After years of listening to the gut-wrenching wailing of organized labor unions and their more delicate counterparts in public unions, American tax payers are finally getting a bit of peace and quite. The recent legalization of cannabis for recreational use in Washington and Colorado has brought a multi-billion shadow business into the mainstream.
To date, the majority of financing and marketing has been done by criminal cartels. Now that it's legal, the cannabis industry is going to have to play by the same rules as every other American industry. Which means layers upon layers of bureaucratic red tape, which is necessarily expensive to cut through. Enter the union.
The United Food and Commercial Workers' union (UFCW) claims it has over 1.3 million members in the United States. UFCW is actively recruiting members in states like California, where it has an estimated 3,000 members. The UFCW is registered with National Labor Relations Board, and while other unions are bleeding membership, the UFCW is seeing a rise in the number of cannabis workers joining their ranks.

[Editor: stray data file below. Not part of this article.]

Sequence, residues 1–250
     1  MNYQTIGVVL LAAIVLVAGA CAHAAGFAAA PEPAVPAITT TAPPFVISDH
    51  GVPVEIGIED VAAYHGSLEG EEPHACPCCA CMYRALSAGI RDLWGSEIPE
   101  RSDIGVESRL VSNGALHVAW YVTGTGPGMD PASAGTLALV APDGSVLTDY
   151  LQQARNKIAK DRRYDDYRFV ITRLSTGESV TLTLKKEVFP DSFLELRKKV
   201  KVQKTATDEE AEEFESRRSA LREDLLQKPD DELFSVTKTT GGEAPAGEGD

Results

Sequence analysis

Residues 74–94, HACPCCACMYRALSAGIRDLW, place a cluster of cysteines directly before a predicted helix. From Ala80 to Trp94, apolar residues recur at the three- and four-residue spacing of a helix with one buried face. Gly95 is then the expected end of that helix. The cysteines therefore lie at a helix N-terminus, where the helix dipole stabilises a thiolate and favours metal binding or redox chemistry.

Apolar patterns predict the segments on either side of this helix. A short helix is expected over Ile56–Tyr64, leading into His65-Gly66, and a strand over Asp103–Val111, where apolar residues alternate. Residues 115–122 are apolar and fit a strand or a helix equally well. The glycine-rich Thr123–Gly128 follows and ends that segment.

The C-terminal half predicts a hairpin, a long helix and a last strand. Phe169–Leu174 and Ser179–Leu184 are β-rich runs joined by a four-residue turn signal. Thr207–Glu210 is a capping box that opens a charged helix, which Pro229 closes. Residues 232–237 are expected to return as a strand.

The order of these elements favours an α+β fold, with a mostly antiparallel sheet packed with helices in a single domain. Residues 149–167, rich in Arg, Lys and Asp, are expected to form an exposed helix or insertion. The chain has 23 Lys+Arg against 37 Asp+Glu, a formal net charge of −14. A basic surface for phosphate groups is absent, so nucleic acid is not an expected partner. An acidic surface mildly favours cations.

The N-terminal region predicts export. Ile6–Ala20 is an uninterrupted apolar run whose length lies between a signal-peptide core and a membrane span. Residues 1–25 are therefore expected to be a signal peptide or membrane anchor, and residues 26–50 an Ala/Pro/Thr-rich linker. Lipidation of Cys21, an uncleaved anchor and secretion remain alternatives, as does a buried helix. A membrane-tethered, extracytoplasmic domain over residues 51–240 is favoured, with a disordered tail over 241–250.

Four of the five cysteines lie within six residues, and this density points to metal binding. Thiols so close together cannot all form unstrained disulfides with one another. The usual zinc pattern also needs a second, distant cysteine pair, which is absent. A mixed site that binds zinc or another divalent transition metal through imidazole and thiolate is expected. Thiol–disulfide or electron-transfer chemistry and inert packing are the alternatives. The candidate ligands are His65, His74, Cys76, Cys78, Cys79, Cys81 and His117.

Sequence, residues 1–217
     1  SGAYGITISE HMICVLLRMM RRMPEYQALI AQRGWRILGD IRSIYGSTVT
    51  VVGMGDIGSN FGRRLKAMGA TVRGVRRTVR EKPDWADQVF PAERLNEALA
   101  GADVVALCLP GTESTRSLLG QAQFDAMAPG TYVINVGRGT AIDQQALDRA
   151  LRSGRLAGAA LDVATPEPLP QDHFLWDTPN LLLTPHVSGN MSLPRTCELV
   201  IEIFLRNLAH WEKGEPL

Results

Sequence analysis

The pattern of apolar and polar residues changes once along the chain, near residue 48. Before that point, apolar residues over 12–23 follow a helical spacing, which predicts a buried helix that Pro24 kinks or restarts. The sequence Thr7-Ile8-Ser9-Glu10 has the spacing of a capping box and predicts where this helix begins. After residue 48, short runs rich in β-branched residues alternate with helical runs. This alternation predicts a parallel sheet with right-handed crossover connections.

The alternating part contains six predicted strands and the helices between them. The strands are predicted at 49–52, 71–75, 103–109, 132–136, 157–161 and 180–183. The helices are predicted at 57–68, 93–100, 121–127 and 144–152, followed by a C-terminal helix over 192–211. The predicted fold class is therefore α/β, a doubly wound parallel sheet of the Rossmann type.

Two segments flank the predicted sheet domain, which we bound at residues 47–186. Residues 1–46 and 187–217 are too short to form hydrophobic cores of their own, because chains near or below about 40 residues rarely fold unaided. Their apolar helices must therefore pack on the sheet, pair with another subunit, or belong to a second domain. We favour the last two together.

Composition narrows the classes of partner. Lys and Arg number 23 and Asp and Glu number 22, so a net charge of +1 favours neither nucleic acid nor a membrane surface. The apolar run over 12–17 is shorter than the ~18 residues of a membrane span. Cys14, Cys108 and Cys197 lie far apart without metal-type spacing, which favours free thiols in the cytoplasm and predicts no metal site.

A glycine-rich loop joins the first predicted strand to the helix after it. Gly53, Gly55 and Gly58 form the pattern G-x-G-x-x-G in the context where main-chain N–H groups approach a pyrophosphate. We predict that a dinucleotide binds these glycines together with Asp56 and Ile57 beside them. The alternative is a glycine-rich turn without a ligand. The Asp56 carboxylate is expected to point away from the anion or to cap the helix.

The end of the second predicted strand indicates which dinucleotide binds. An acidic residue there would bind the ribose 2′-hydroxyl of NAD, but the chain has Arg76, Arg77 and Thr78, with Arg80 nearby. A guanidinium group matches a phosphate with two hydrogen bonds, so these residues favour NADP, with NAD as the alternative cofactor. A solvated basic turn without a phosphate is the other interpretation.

With it's numbers growing, the UFCW is positioning itself to be the most power cannabis lobby in the country. Already the UFCW is helping to write cannabis policy in Washington, Colorado, and California. Unlike the modern labor and public sector unions that do more for union leadership and politicians, UFCW will likely face the same challenges faced by the heroic unions at the beginning of the last century--the federal government.
Growing, transferring, and using cannabis in any form is still a federal crime. However, once the UFCW starts actively representing its members on Capitol Hill, it's likely we'll see the same outcome we saw when labor unions took on big business and big industry in the early 1900s and won. That's what unions are supposed to do. Let's hope the UFCW doesn't disappoint it's 1.3 million members who are risking their liberty by working in the cannabis industry.
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